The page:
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In the online fight that has just erupted over whether New Jersey Governor Chris Christie is too fat to run for president, my money is on our local doctor/public intellectual, surgeon and writer Atul Gawande. In fact, I'd even say that his opponent, liberal pundit Michael Kinsley of former Slate and New Republic fame, has tarnished himself in my eyes on this one.
Michael posted this column, titled "Requiem for a Governer Before He's Even In The Ring," yesterday on Bloomberg Views, and it has received wide play. It begins:
Look, I’m sorry, but New Jersey Governor Chris Christie cannot be president: He is just too fat. Maybe, if he runs for president and we get to know him, we will overlook this awkward issue because we are so impressed with the way he stands up to teachers’ unions. But we shouldn’t overlook it — unless he goes on a diet and shows he can stick to it.
I would have been happily unaware of it except that this morning, my Twitter feed carried these tweets by Atul Gawande:
The usually wise @michaelkinsley is badly wrong to argue Chris Christie's weight disqualifies him from Presidency
Why @michaelkinsley is wrong: 1. Moderating behaviors (eg eating) is FAR harder than ceasing bad ones (eg heroin), which is plenty hard.
Why @michaelkinsley is wrong: 2. There is no evidence skinny presidents are better or worse than fat ones. (Or maybe they undereat?)
Why @michaelkinsley is wrong: 3. Obesity may be our most difficult epidemic, as we're genetically programmed for a starvation environment.
Why @michaelkinsley is wrong: 4. Self-discipline does affect weight, but being non-obese isn't evidence one's self-discipline is stronger.
?cm_mmc=Twitter-_-Prevention-_-health-_-docmakingyoufeelfat">Prevention Magazine reports that "More than 1/3 of doctors regarded obese individuals as 'weak willed,' 'sloppy,' & 'lazy.'" Maybe the best thing about a Chris Christie run would be that, with voices the caliber of Atul Gawande's involved, more people might end up better informed about the complexity of obesity.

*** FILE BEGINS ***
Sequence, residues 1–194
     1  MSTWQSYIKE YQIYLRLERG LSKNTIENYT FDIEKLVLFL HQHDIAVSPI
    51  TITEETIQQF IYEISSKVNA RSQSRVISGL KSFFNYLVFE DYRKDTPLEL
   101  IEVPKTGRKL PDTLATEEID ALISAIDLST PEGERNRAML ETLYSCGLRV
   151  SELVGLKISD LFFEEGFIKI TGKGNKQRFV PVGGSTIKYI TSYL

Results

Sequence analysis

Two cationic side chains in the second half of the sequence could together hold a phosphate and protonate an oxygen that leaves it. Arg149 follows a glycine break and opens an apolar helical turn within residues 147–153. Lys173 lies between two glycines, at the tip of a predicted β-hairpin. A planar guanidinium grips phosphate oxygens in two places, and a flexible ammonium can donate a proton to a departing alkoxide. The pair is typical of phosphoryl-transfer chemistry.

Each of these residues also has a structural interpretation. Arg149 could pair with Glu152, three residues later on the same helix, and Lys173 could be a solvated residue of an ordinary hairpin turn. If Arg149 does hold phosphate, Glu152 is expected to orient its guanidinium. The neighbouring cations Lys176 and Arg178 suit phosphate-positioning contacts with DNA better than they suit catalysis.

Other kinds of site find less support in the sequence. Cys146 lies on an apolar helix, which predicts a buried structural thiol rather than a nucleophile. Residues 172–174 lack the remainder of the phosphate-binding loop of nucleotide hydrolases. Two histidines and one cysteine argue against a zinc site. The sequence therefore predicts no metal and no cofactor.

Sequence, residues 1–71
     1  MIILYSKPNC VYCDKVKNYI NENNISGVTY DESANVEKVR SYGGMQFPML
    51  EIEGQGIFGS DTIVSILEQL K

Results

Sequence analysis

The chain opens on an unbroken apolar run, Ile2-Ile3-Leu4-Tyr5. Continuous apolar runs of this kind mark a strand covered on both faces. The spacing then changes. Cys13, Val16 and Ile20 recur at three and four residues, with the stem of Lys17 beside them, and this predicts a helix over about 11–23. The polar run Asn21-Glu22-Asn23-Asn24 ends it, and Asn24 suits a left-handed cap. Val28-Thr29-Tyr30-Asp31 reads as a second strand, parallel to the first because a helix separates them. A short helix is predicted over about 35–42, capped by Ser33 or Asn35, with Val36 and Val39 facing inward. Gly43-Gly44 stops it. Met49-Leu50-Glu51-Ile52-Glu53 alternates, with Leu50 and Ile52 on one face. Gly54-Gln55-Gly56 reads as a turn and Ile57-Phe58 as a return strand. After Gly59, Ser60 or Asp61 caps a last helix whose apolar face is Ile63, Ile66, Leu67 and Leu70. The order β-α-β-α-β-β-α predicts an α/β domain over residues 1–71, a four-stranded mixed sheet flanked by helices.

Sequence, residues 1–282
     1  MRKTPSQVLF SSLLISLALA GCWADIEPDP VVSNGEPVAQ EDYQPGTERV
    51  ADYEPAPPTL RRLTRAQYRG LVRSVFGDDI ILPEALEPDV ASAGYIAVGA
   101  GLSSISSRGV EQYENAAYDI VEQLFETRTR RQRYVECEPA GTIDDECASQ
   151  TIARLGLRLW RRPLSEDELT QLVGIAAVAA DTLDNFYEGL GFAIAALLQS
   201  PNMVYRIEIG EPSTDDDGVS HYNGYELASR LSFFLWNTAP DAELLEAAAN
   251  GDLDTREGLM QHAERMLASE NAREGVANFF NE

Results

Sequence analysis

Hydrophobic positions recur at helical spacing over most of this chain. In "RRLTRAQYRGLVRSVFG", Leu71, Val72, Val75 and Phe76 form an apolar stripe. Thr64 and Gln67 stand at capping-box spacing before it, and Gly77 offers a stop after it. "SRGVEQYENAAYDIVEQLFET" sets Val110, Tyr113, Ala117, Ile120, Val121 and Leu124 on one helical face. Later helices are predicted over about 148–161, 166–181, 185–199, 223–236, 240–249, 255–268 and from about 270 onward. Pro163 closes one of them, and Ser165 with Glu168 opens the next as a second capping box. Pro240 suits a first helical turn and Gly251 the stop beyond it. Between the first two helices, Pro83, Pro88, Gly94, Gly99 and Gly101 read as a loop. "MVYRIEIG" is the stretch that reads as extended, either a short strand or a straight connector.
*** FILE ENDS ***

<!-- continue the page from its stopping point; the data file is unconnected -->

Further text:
Readers, comments welcome, but not nasty ones. I was appalled by Michael Kinsley's column, but even more appalled by the ad hominem attacks in the comments, targeting even his Parkinson's Disease.
p.s. The Washington Post's Ezra Klein weighs in beautifully here, including:
There’s something about hearing a slim person say “eat a salad and take a walk” that takes good advice and makes it sound like condescension. Losing massive amounts of weight is a lot harder than a walk and a salad. It’s more like an ultramarathon and a hunger strike. And keeping it off, for many people, is borderline impossible.
Obesity truly is a national health problem. But to address it correctly, we’re going to have to get past the outdated belief that it’s all about discipline or the assumption that the obese are not capable of carrying out demanding jobs. Christie’s weight might actually help us do that. If so, then perhaps the governor’s girth, far from disqualifying from the presidency, is a reason to support his candidacy.
This program aired on September 30, 2011. The audio for this program is not available.
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